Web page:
Well, not always dull, but often enough that I think it’s a problem.
By "running battles/etc" I mean a number of the various sequences where the player engages in core-quality challenges to raise a progress quality, and then uses that progress quality in a challenge to complete the story. Dueling the Black Ribbon, Hunting Dangerous Prey, Preparing for a Big Score, and so forth.
When I say they are dull, what I mean is that many of those sequences are almost entirely monotonous. Multiple options for increasing the progress quality are presented, but most of the time they’re functionally identical beyond slight differences in difficulty. If I’m choosing between a 57% chance to increase Casing and a 60% chance to increase Casing, I don’t feel like I’m making a choice - I just feel like I’m paying an action tax.
Not all progress-quality sequences are like this. I realized how dull some of them are when I recently started Engaging in Courtly Romance. I was surprised and delighted to see that the different options to increase Fascinating were providing results which varied beyond just slightly different amounts of Fascinating change points. Performing artistically gives me booze! Writing letters gives me stolen correspondence! I’d fallen into a rut of mindlessly pouring actions into heist or duel preparation without actually making any meaningful decisions, so it was nice to feel like I was actually being affected by my choice of preparation methods.
Offending sequences which come to mind:
Dueling the Black Ribbon. "Sparring with ring fighters", "Find out more about the Black Ribbon duelists", "Scout a battlefield", and "Exercise for rough health" all have difficulties between 74 and 82, only increase Running Battle on a success, and only increase Wounds on a failure. Why is this four different options? Why is their availability based on Airs of London? "Arrange a duel outside the Black Ribbon" and "Study the fighting styles of other duelists" increase Running Battle and provide minuscule side benefits (20 rostygold or 5 cryptic clues) on a success, and on failure they both increase wounds and decrease Running Battle; the progress they provide isn’t any better than the other options, so you’re risking having to spend more actions to make up lost Running Battle in exchange for a chance at pitiful rewards.
Hunting Dangerous Prey. Among the six options, the only possible rewards outside of The Hunt Is On progress are slight changes to forceful and subtle. On a failure, they all increase wounds and two of them also decrease THIO. Once again, their availability is Airs-dependent, despite having even less variety than duel preparations.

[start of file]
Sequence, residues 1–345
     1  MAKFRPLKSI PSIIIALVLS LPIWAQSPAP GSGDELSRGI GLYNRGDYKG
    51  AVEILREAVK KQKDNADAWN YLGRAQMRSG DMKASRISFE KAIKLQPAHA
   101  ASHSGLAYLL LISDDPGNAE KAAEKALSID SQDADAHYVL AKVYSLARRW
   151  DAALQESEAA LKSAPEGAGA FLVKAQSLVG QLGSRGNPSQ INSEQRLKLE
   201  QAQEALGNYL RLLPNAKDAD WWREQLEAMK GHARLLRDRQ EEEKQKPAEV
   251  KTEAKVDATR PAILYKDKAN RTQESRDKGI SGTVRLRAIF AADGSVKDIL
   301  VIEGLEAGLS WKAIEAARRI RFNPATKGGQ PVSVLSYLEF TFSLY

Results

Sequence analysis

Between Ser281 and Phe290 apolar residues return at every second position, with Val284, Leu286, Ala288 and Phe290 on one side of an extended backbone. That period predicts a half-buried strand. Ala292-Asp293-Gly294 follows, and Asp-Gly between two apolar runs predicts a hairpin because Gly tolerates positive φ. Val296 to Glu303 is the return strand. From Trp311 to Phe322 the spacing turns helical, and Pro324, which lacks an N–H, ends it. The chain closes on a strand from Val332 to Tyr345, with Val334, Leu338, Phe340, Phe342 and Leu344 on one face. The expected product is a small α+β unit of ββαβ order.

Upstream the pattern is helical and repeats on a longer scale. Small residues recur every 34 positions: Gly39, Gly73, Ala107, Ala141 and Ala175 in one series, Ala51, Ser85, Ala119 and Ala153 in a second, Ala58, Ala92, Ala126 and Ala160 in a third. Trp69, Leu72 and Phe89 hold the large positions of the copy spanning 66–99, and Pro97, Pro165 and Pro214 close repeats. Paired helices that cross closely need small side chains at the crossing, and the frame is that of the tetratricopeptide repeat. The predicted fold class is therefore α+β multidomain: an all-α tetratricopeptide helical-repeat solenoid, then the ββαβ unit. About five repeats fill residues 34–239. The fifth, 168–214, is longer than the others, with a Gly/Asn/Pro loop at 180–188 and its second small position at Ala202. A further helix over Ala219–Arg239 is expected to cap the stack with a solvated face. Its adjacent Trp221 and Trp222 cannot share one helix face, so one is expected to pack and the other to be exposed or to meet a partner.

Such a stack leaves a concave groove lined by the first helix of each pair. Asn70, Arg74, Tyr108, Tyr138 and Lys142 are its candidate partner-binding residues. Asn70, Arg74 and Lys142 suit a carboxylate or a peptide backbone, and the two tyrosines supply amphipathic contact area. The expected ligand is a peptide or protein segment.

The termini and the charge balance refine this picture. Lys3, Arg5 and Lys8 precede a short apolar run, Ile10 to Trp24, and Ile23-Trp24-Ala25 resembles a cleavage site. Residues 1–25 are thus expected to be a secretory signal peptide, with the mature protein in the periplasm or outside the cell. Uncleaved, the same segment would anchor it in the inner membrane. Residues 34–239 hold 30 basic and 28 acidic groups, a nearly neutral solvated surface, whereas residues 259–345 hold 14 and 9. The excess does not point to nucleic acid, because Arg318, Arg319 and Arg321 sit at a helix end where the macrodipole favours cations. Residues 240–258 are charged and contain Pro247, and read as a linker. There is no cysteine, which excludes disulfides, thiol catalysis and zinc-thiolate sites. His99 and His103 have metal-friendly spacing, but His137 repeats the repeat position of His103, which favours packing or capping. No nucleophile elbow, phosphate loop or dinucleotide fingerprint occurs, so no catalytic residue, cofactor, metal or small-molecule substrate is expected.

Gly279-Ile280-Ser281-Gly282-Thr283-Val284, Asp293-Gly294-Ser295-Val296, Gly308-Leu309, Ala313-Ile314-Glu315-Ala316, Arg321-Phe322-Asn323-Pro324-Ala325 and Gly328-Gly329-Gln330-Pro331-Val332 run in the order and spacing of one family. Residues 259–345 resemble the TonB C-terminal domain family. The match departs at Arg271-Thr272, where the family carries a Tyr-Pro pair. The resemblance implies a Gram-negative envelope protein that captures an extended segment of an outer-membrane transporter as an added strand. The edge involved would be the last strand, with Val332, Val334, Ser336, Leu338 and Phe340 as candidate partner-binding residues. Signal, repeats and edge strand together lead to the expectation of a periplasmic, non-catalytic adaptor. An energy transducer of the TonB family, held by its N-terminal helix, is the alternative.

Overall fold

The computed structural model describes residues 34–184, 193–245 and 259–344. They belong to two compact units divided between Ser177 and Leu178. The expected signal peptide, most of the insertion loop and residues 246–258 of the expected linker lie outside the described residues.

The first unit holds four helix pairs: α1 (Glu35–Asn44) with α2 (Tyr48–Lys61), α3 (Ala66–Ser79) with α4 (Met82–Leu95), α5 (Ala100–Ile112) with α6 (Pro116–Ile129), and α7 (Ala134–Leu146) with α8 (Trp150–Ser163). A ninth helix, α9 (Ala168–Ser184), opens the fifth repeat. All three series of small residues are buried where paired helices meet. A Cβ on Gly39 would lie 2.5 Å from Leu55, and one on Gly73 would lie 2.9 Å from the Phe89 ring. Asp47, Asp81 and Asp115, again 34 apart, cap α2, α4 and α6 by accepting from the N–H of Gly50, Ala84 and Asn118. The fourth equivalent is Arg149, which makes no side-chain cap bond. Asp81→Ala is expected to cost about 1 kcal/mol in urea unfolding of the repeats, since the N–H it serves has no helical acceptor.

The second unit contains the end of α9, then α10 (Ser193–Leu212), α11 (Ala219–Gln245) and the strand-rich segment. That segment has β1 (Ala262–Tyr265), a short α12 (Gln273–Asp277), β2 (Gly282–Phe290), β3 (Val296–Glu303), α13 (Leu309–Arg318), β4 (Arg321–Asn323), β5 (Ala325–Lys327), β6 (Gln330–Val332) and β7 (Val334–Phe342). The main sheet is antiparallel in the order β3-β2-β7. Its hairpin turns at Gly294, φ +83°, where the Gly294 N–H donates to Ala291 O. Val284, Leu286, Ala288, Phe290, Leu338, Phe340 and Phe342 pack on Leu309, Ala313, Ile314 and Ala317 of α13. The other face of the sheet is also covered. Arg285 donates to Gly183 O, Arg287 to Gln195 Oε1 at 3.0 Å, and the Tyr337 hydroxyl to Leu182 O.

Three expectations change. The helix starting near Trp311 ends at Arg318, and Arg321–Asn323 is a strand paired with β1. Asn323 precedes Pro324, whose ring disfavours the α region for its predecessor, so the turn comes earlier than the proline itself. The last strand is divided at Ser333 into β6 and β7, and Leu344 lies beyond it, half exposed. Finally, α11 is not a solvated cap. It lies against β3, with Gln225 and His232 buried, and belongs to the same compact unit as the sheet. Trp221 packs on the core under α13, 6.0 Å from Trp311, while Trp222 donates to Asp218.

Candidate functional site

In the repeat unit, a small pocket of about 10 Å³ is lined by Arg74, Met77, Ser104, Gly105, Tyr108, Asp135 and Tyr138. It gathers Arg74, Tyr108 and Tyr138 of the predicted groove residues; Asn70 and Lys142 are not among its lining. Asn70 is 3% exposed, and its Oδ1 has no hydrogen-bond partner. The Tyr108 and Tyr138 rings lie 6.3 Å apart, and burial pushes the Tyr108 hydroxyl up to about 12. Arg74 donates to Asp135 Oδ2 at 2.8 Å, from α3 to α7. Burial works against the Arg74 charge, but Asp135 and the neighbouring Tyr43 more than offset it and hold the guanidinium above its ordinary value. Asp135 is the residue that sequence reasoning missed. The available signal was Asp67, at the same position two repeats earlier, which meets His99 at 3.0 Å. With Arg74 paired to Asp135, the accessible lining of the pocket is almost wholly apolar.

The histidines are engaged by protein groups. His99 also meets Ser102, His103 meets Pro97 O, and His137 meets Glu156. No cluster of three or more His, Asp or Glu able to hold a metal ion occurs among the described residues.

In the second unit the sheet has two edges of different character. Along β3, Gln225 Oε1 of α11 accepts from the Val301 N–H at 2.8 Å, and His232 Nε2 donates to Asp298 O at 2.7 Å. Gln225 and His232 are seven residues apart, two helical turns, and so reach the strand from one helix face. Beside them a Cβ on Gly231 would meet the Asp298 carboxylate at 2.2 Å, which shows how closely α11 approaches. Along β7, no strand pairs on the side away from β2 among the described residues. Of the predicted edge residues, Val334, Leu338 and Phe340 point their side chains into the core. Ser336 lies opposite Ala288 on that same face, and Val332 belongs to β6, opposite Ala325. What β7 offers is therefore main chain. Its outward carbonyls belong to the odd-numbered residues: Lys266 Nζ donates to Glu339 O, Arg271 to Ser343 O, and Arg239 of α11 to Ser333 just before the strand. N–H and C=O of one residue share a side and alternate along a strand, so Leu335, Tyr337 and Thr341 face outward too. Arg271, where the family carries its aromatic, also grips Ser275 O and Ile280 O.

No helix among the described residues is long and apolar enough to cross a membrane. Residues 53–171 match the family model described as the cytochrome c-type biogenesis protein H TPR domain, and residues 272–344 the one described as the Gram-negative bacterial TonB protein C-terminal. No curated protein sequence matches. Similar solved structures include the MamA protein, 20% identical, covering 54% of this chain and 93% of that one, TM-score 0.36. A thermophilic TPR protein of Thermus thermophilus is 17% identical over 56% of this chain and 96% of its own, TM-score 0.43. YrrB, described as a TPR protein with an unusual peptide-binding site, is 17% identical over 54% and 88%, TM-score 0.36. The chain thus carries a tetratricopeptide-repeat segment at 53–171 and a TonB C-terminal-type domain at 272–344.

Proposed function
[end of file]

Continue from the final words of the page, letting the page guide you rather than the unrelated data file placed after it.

Preparing for a Big Score. Six options, four of them only increase Casing on a success and increase Suspicion on a failure. One can give 30 whispered hints and another gives a bundle of oddities, but those two options also decrease Casing on a failure so once more you’re paying for those rewards by spending more actions. They all cost three actions, so at least it’s less of a time-sink than grinding Running Battle or THIO. Also the Bundle of Oddities option ("The Decoy") spits you back out in the main menu without presenting a "try again" option, which is annoying.
There may be others, but those are the ones I’ve run into so far.
As for what could be done to improve those sequences, I have a few ideas.
Faster progress for varied preparations. Succeeding on a preparation method could give more change points if the last successful preparation was of a different sort, or if that particular preparation method hadn’t yet been used since the last time the relevant progress quality was reset (e.g. scouting a battlefield for the first time after winning a duel).
Different secondary benefits for different preparations. There doesn’t always need to be a material reward alongside an increase to the progress quality, but adding a chance to get something different out of each option would make the options meaningfully different. Small handfuls of common currencies (e.g. rats, glim, jade, candle stubs, silk scraps), rare successes for semi-common items (e.g. map fragments, intriguing snippets, first-city coins, fourth-city relics) or second chances, that sort of thing. Engaging in Courtly Romance does this nicely.
Get rid of progress losses on failures. If a success gives 3 progress, then every failure is an effective loss of 3 progress. Menace increases make sense, but tacking on an extra progress penalty is unnecessarily punishing. Failures resulting in not only the loss of the action spent on them but also the loss of another action’s worth of progress is anti-fun - a success moves you one step forward, a failure puts you two steps back.